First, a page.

Research supports the common sense notion that getting prompt help makes surviving an emergency more possibly. The ability to get help also boosts the odds that a senior will continue to live independently. The longer a person spends helpless, the greater possibility that he/she will be discharged into supportive care. For elderly people who live alone, becoming incapacitated and unable to get help is a common event, which usually marks the end to their ability to live independently. (New England Journal of Medicine)
As the oldest baby boomers become senior citizens in 2011, the percentage of people 65 and older is projected to grow faster than any other age group. In fact, 26 states are projected to double their 65+ populations between 2000 and 2030.
Over 150 Million emergency calls are made each year in the US.
Nearly 75% of all deaths in the United States are deaths of elderly people. For many decades, heart disease, cancer, and stroke have been the leading causes of death among the elderly, accounting for 70% of all deaths in this age group.
Of the 35 million Americans over 65, about 1 in 3 will fall in a given year. (Center for Disease Control, “CDC”)
Seniors are hospitalized for fall-related injuries 5 times more often than they are for injuries from all other causes. Falls are the leading cause of accidental death for seniors. (Center for Disease Control, “CDC”)
50% of people who fall require assistance from someone else to get up.
After a fall or other emergency, 90% of people who get help within one hour will continue independent living, but after 12 hours without help only 10% of people will continue to live at home. (New England Journal of Medicine)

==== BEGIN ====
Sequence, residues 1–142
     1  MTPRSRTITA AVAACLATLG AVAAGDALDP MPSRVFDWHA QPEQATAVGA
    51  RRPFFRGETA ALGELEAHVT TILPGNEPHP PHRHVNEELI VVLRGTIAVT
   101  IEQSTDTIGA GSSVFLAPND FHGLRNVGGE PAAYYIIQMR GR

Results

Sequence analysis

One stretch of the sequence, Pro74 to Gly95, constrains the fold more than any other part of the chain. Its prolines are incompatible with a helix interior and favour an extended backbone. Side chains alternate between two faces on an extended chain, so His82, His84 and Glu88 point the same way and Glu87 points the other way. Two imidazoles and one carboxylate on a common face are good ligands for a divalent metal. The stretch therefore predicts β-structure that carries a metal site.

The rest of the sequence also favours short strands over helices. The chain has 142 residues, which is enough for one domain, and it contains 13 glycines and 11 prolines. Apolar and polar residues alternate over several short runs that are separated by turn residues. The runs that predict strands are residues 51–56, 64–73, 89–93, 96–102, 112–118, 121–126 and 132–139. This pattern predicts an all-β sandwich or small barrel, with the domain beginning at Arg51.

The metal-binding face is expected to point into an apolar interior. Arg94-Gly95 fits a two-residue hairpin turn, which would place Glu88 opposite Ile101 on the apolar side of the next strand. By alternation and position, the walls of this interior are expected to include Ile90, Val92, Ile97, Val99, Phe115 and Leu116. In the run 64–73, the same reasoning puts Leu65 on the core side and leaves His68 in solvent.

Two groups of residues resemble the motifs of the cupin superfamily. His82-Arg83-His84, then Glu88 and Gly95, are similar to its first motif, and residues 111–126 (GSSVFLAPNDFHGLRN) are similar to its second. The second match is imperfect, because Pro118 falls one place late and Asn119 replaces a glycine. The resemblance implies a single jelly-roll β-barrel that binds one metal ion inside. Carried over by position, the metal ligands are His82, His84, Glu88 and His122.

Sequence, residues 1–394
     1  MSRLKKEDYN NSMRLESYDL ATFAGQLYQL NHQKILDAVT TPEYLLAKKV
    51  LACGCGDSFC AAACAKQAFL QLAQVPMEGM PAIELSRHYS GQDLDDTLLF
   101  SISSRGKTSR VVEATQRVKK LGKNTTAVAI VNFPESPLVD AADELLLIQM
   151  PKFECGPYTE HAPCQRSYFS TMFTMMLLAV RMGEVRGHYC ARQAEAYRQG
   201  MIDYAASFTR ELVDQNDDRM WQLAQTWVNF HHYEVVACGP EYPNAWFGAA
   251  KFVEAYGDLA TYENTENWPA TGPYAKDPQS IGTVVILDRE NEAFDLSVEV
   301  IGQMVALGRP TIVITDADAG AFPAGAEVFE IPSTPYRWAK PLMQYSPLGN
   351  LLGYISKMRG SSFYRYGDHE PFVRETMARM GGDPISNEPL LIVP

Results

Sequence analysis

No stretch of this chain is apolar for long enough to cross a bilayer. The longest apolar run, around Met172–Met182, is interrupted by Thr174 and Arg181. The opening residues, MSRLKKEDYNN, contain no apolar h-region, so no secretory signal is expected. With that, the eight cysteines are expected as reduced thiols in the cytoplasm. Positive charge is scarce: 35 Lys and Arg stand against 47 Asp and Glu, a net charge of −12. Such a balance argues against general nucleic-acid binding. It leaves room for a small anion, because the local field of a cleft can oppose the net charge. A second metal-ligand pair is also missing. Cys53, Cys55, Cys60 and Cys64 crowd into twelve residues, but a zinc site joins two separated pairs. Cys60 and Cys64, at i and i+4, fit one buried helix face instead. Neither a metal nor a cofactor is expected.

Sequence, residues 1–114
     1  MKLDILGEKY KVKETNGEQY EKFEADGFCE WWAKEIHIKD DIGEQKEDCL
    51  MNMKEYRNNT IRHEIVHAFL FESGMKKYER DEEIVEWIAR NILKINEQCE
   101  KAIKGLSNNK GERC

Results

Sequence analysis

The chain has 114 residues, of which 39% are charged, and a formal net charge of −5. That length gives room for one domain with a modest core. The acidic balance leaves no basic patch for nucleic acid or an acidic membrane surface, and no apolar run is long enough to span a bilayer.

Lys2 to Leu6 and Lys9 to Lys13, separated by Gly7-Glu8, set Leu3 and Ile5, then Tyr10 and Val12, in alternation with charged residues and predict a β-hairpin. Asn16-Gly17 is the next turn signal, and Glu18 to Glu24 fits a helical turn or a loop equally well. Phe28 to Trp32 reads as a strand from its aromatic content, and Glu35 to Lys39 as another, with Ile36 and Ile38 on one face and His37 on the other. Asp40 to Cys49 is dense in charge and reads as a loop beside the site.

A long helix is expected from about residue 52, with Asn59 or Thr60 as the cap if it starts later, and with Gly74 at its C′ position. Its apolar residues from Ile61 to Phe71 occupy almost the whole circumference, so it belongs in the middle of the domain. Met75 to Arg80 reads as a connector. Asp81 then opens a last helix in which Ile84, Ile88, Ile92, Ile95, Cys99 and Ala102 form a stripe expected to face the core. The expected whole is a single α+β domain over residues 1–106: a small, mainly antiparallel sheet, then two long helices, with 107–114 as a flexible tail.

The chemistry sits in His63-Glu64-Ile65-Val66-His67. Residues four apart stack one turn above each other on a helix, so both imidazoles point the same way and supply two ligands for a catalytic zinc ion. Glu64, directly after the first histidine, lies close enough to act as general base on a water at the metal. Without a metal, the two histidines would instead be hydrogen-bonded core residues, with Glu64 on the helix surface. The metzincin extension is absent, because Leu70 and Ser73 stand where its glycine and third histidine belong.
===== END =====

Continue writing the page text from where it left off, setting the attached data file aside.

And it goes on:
Nearly one half of the older adults who incur a serious injury never fully recover and many lose their ability to function independently for the rest of their lives. A good proportion end up in nursing homes. Falls and injuries become one of the most substantial health threats faced by older adults. (Yale University School of Medicine)
1.5 million Heart attacks occur in the United States each year with 500,000 deaths. A heart attack occurs about every 20 seconds with a heart attack death about every minute.
About 50% of deaths occur within one hour of the heart attack –outside of a hospital.
There is only 6% to 9% early mortality rate from Heart attack for those who survive long enough to reach the hospital. Getting to the hospital quickly is the goal. Deaths from cardiovascular diseases in women exceed the total number of deaths caused by the next 16 causes.
Costs related to heart attack exceed 60 billion dollars per year. Coronary Heart Disease is America’s No. 1 killer. Stroke is No. 3 and a leading cause of serious disability.
Many strokes are preventable and treatable with prompt medical attention. (National Stroke Association)
Senior citizens age 70 and over have the greatest risk of fire death. The fire death risk among seniors is more than the double average population.